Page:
By Koh Lee Mei Fanny

One of Singapore’s four national taps – local catchments – will help ensure self-sufficiency in Singapore

Self-sufficiency was the key term that was on the lips of Singapore’s ministers in water issues during the opening ceremony of Singapore International Water Week (SIWW).

Seeing our Four National Taps strategy of local catchment, imported water, high grade reclaimed water branded NEWater and desalinated water in place, Singapore seems to be in a safe locale where the provision of water is concerned but being self-reliant in this area is also a vital factor in the future of our survival as a nation, especially when our local supply might not meet future demands.

“With water demand forecasted to double in the next 50 years, Singapore plans to collect every drop of rain by expanding our catchments to 90 per cent of our land area,” stated Mr. Teo Chee Hean, Deputy Prime Minister and Minister for Defence, at the opening ceremony of Singapore International Water Week 2010.

Cutting down on our dependence on other countries for water was an underlying meaning as well when he mentioned the need for escalation in our water production efforts.

“In her long term plans, Singapore plans to triple its current NEWater capacity and ramp up desalination capacity by almost 10 times,” Mr. Teo mentioned.

While an augmentation of our country’s water sources needs to be conducted, the ways in which we may go about doing this are varied as well with Singapore taking the approach of privatizing many of our water solution methods.

“In Singapore, the growth of a vibrant and dynamic water industry, together with a well developed and robust financial sector, has enabled us to tap on the private sector to develop our current infrastructure for water resources,” commented Dr. Yaacob Ibrahim, Minister for the Environment and Water Resources.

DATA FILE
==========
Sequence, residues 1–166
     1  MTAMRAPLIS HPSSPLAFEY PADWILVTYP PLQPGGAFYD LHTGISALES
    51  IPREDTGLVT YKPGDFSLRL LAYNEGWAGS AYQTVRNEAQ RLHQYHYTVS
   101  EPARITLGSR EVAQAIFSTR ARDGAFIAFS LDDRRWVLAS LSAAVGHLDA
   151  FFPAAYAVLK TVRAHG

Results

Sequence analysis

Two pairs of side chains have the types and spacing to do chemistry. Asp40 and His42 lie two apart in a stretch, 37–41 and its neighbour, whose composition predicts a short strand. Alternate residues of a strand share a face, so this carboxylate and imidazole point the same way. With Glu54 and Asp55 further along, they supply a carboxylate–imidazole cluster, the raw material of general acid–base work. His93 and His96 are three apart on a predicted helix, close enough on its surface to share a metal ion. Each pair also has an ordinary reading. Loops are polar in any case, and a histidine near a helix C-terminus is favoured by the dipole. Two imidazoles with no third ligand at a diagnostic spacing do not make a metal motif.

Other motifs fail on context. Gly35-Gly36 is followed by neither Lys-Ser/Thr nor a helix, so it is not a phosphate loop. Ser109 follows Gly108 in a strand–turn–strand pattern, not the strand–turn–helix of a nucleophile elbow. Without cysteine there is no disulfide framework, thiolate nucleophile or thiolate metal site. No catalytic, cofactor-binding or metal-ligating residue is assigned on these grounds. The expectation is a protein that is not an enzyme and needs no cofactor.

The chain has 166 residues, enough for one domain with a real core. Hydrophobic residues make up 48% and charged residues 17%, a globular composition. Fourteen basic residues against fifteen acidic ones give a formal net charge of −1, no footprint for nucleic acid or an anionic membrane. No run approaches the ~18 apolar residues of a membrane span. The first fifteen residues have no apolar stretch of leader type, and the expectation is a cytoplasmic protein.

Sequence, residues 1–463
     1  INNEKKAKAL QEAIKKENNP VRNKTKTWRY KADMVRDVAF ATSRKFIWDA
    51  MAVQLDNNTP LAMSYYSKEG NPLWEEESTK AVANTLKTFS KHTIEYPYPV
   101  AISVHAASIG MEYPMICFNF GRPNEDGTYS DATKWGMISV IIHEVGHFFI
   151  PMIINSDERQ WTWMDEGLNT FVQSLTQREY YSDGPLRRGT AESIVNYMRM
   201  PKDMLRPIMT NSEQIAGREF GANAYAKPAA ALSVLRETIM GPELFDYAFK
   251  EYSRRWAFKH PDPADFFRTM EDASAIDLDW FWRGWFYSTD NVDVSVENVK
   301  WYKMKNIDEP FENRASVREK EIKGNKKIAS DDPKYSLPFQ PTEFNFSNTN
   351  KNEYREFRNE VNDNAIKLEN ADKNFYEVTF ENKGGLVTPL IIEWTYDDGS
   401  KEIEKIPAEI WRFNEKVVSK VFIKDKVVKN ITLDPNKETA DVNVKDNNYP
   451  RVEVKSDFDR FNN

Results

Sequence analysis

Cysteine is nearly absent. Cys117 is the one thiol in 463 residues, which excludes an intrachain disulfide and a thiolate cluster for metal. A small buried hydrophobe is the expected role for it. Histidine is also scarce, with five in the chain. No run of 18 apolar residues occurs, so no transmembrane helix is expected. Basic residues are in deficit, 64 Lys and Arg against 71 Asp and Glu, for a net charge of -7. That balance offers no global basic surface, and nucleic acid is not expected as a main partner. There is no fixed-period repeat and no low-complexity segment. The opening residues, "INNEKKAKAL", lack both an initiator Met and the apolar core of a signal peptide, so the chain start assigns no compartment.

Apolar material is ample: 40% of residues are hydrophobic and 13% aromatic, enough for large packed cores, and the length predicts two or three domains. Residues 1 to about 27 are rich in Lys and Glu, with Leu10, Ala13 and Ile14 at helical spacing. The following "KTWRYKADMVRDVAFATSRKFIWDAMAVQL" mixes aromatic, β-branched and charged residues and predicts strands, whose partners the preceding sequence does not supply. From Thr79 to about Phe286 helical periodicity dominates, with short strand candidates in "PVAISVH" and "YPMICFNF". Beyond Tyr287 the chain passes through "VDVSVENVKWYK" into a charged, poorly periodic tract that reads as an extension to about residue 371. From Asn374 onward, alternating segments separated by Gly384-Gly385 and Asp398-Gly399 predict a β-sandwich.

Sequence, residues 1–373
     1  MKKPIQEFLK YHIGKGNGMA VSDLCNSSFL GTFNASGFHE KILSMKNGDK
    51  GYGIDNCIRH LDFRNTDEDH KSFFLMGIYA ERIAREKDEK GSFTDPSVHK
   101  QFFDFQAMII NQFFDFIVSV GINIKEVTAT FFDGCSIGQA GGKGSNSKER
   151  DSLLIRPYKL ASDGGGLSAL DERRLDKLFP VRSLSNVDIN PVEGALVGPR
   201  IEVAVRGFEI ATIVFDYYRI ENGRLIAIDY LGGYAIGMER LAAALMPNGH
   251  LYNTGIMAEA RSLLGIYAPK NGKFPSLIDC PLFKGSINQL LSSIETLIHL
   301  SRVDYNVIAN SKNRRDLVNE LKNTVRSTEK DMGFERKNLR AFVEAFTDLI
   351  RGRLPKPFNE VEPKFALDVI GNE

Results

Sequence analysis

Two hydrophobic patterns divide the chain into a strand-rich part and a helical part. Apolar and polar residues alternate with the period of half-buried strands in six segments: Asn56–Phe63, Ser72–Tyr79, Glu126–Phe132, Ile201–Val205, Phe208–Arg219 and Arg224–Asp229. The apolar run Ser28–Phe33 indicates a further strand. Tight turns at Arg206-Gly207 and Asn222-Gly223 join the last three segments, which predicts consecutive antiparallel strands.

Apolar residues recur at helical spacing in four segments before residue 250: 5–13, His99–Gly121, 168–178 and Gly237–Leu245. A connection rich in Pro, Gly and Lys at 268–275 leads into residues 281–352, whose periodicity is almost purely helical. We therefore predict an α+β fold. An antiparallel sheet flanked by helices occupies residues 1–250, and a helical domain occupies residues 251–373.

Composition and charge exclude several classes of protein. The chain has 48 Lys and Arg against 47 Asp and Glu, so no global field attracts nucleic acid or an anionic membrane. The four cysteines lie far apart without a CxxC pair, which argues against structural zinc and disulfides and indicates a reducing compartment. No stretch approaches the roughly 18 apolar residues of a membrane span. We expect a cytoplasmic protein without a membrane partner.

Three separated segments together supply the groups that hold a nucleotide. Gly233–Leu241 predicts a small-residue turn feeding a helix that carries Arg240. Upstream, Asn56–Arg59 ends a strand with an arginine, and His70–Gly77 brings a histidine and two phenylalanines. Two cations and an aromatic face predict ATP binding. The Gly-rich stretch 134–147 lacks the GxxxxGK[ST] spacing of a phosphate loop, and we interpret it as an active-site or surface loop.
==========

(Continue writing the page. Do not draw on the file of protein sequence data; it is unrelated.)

In fact, it may even seem that Singapore has found a viable solution in the private sector given our encouraging report card.

“Singapore was able to introduce alternative sources such as reclaimed water and desalination due to advances in membrane technology. These two sources have put us in a stronger position to deal with the vagaries of weather and allow us to increase our water supply to meet growing demand,” said Mr. Khoo Teng Chye, Chief Executive Officer of PUB (Public Utilities Board), at SIWW.

New technology may be an imperative arm in our bid for self-reliance and it may seem that this wish could be fulfilled in the near future if Singapore keeps her waters clean as advised by Mr. Khoo, “With two-thirds of Singapore becoming water catchment by 2011, it is important that we keep the waters clean. This will help to reduce treatment cost while enjoying our blue assets.”

From privatizing companies to being a good citizen, it seems that the road to self-sufficiency is not a one step process and with the proliferation of research and development in this area, Singapore is well on her way to attaining her dream.